SOC 245(F) Image and Representation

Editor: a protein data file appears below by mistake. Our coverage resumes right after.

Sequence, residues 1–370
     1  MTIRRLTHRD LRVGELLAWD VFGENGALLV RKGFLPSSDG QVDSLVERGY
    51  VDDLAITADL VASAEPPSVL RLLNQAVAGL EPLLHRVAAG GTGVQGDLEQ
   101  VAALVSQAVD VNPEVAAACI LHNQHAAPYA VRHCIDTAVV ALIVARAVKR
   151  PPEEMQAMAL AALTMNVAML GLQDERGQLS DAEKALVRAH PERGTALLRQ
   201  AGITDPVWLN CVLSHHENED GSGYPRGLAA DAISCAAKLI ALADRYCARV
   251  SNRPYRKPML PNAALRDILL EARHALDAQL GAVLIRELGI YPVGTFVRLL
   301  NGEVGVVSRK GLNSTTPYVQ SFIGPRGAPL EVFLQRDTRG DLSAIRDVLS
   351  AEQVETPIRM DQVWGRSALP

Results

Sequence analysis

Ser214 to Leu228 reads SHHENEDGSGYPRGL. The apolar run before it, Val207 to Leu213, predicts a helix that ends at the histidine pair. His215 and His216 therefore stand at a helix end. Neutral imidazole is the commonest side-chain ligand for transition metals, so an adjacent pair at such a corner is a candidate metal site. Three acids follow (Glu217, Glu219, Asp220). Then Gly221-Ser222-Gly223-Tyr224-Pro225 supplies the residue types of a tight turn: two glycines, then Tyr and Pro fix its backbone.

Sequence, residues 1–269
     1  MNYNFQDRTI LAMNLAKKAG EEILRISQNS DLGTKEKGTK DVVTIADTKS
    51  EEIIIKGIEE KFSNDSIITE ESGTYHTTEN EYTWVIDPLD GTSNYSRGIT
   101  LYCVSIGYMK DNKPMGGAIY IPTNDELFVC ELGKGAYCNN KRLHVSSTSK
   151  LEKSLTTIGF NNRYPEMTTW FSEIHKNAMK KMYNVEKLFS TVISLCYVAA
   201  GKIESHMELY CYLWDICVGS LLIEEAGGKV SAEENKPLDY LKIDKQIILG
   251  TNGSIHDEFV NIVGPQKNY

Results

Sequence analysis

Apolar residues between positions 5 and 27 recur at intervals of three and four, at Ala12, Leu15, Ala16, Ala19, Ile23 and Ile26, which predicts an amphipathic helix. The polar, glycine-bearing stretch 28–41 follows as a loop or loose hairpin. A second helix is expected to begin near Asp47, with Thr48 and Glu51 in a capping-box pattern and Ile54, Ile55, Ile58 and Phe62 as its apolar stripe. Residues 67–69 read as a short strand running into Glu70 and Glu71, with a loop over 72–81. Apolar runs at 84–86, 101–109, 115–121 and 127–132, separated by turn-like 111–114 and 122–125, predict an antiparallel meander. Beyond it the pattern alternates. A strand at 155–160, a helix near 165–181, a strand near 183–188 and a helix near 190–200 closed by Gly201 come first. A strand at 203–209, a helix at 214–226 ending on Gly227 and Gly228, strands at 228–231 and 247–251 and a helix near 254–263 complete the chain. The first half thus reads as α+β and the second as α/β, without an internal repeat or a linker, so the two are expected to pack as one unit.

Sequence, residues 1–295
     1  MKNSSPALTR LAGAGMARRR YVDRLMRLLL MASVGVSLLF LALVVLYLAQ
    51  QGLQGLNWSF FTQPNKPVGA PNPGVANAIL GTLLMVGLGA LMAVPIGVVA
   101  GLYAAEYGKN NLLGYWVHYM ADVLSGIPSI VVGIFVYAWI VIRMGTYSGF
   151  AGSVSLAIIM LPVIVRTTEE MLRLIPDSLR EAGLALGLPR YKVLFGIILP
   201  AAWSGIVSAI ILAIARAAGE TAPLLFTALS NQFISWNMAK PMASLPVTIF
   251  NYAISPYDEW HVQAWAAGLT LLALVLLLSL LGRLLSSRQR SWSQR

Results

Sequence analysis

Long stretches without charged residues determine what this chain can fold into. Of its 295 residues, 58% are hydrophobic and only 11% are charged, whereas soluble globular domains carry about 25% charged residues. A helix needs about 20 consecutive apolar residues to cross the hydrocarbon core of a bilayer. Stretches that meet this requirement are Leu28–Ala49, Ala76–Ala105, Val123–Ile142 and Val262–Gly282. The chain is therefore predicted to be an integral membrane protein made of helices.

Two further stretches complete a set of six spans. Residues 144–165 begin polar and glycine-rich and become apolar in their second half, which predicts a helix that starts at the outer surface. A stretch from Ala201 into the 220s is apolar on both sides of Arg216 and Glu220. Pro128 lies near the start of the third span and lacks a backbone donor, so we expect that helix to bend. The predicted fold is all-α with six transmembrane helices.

This course takes an historical view of photography and social thought by mapping various projects and their critiques over the past century and a half. These include the photographic reflections of missionary social hierarchies and Western morality in late nineteenth century global expansion; the photographic utility in public policy, propaganda and social awareness from image muckrackers such as Jacob Riis and Lewis Hine to the Farm Security Administration; and the representation of the "other" through the photojournalism of National Geographic. Beyond ideological influences and cultural bias in image composition the course examines the ongoing technological developments that affect image manipulation and our presumption of authentic representation. Finally, social documentation and analysis within sociology is primarily text-based. However, research utilizing photography and video is making significant contributions to our empirical and theoretical understanding of the social world. Using an historical lens of the role and use of photography for social representation, the course will critically survey a wide sample of contemporary image-based social scientific research projects. Format: seminar. Requirements: several short written image exercises, two photography assignments (single-use cameras appropriate). Enrollment limit: 20 (expected: 15).